Why does a feral cat rub itself against sticks, frames etc on my allotment?

Why does a feral cat rub itself against sticks, frames etc on my allotment?

by Betty
(Birmingham UK)

Keith the feral cat at the allotments

Keith the feral cat at the allotments

One of 'my' feral cats knows me and comes very close and keeps rubbing herself against things all the time. She does it to whatever she is near, bamboo canes, frames, sticks, anything solid. I don't think she is marking areas as she does it with the whole side of her body.

The feral kitten on the site which is becoming very tame rubs herself against my legs and sometimes makes it very difficult for me to walk without treading on her so I pick her up.

Is this just a sign of affection, or is there something else?


Hi Betty... Nice to hear from you again. I feed a stray cat (Timmy) who comes in to my home and rubs against furniture as he walks with me to the kitchen for his food.

This is putting his scent on objects around him to create a more comfortable environment. The same thing is happening when your female feral rubs against sticks etc.

In this situation it isn't scent marking to mark out territory in my opinion; more a form of "distance greeting" combined with creating a "comfort zone".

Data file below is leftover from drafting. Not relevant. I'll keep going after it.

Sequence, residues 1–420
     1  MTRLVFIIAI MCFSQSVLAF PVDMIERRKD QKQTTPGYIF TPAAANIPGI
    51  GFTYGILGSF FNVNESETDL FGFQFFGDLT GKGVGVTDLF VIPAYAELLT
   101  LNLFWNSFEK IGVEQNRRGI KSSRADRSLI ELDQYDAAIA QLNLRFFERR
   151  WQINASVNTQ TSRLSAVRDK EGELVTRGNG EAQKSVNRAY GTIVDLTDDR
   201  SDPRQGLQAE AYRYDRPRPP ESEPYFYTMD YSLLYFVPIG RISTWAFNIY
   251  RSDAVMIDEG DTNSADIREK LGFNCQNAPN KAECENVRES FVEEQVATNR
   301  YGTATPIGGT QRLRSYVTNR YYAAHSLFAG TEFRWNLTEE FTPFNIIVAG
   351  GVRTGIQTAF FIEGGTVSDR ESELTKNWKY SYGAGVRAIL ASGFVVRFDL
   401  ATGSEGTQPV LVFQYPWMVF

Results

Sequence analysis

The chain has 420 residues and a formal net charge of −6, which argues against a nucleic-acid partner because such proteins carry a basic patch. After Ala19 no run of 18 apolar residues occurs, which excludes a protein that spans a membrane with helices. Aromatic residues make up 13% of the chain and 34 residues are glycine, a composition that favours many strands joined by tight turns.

When the tame feral rubs against you it is a form of greeting and scent exchange (the same as head butting - new window). She deposits scent on you and you deposit it on her creating a family environment. Once again this makes her feel more comfortable and it is a friendly greeting and therefore also a sign of affection.

One of the regulars might have different ideas. You might like to read: The social function of tail up in domestic cats.


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Why does a feral cat rub itself against sticks, frames etc on my allotment?

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Nov 29, 2010
That makes sense
by: Betty

Thank you Michael, it makes more sense now.

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